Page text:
“We will continue to defend these lawsuits with robust evidence that proves there is absolutely no connection between glyphosate and cancer,” Monsanto said in a statement Tuesday about Chhabria’s ruling. “We have sympathy for anyone suffering from cancer, but the science clearly shows that glyphosate was not the cause.”
In 2015, the World Health Organization’s International Agency for Research on Cancer (IARC) concluded that glyphosate is a “probable” human carcinogen, prompting a slew of lawsuits in the United States, including Johnson’s.
In his January 2016 complaint, Johnson alleged that Roundup caused his topical non-Hodgkin lymphoma after he was twice drenched in the herbicide while spraying it in schoolyards for his job as a pest-control manager. He also claimed Monsanto has known for decades that Roundup is carcinogenic but didn’t disclose it for fear of disrupting its $6.6 billion global business.
Although similar cases have previously been filed against Monsanto, Johnson’s is the first to go to trial.
On Monday, Martens said that Monsanto conducted additional studies on the carcinogenicity of glyphosate and Roundup on Parry’s recommendation, and concluded that there is no link between the two and cancer.
Martens added that Monsanto’s studies were more precise than those reviewed by Parry, using 10 animals at two dose levels rather than three animals at one dose level.
But although those results were published in 2008, Martens said the results of 12 other cancer studies conducted by chemical firms have not been disclosed. Still, he insisted the science proves glyphosate and Roundup aren’t carcinogens.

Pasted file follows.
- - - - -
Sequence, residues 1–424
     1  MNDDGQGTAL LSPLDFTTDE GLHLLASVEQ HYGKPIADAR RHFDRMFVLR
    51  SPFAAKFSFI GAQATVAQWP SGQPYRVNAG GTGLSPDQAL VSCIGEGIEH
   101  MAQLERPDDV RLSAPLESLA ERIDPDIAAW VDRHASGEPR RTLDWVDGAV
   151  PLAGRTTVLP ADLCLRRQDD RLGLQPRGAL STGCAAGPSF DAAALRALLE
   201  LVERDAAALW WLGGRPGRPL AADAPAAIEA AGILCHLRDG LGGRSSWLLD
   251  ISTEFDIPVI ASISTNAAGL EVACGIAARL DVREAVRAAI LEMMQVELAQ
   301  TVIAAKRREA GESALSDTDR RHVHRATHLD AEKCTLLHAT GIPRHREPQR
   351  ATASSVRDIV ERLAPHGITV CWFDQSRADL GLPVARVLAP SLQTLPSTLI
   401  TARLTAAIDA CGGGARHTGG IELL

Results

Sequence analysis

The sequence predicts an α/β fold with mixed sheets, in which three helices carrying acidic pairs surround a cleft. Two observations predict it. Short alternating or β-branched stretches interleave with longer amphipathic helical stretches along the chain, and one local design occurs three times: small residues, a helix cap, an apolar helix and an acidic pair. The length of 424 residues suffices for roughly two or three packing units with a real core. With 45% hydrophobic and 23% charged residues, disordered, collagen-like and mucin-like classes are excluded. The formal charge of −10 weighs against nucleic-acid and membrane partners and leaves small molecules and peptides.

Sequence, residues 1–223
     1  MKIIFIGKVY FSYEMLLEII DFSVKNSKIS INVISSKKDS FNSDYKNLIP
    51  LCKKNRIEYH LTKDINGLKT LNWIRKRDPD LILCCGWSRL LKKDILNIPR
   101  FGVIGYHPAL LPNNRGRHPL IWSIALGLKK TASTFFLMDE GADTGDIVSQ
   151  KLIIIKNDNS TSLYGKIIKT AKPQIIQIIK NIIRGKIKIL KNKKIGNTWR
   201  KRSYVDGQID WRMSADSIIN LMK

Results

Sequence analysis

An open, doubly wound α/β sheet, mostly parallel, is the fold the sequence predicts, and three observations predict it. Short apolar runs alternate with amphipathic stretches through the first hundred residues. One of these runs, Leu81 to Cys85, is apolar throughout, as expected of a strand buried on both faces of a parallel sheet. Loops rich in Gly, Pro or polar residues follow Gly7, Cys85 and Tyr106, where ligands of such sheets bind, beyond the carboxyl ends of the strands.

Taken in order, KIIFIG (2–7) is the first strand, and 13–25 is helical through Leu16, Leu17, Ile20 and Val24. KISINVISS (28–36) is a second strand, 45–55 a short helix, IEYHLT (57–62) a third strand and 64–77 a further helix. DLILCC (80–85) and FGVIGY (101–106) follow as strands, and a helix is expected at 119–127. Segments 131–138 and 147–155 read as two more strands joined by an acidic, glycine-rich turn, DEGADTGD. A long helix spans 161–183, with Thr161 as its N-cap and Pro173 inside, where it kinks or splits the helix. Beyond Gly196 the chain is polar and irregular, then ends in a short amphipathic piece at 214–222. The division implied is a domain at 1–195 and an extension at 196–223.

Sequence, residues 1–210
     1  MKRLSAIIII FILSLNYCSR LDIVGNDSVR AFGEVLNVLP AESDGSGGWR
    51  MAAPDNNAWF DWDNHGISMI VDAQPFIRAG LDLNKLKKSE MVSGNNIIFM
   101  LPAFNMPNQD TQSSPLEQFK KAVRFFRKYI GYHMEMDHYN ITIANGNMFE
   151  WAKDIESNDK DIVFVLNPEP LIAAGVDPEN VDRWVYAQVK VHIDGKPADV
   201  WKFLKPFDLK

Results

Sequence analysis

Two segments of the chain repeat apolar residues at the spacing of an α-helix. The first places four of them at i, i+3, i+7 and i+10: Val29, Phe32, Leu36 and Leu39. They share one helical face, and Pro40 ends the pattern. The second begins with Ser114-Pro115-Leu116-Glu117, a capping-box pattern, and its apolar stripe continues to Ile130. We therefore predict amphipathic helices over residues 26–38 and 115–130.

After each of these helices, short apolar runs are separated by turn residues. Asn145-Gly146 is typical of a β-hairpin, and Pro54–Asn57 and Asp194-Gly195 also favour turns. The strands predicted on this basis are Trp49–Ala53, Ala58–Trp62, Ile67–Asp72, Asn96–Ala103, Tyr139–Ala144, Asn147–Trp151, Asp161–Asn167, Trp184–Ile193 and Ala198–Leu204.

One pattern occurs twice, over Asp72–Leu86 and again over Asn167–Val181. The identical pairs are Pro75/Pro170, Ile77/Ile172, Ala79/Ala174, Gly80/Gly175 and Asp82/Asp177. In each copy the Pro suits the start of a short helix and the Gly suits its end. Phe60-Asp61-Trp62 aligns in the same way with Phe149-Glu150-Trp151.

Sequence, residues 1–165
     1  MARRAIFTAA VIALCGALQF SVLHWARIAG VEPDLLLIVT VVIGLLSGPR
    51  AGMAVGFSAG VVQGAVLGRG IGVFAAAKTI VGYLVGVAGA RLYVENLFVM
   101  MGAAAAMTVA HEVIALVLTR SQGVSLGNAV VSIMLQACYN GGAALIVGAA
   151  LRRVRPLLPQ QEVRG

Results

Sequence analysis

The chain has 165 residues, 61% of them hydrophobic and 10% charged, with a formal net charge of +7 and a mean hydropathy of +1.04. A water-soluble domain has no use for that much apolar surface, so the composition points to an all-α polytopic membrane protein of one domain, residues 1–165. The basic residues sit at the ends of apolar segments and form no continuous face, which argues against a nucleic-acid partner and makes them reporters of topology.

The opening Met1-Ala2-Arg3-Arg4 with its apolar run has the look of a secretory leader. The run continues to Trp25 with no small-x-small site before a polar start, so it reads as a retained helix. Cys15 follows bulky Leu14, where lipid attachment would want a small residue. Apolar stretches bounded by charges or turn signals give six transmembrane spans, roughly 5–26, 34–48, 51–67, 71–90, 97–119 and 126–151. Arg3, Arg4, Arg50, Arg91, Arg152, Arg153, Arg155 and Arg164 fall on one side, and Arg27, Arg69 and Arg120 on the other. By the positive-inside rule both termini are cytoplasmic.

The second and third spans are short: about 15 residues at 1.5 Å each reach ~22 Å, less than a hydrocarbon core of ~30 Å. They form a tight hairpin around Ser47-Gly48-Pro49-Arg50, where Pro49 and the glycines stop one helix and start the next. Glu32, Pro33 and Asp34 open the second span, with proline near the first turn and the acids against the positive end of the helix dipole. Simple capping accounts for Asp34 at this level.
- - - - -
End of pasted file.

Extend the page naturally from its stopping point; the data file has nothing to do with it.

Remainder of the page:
“More than 800 scientific studies and reviews, the U.S. EPA, the National Institutes of Health and regulatory agencies around the world have concluded glyphosate-based herbicides do not cause cancer,” Monsanto said in its statement.
Monsanto executive William Heydens also testified by video deposition on Tuesday. He acknowledged that he had suggested Monsanto ghostwrite a study by independent experts to counter IARC’s impending conclusion that glyphosate is a probable carcinogen, but insisted the company ultimately didn’t do so.
He also denied that Monsanto sought to ghostwrite the study to bolster its defense in the face of litigation it knew would be filed against it in response to IARC’s findings.
“The conclusions came from the panel,” Heydens said. The article “was written by the experts themselves.”
Heydens admitted that he read parts of the article before it was published in a scientific journal, despite a disclaimer he knew the journal would run that neither Monsanto nor an attorney had reviewed the manuscript prior to publication.
But he said neither he nor anyone else at Monsanto had made any “substantive” changes.
“My job is to make sure that the science gets done correctly and is communicated correctly,” he said.
According to Johnson’s lawyers, Heydens made 28 edits to the article in one draft alone.
A Monsanto spokesman declined to comment on the trial proceedings Tuesday.
Testimony before Judge Suzanne Ramos Bolanos continues Thursday.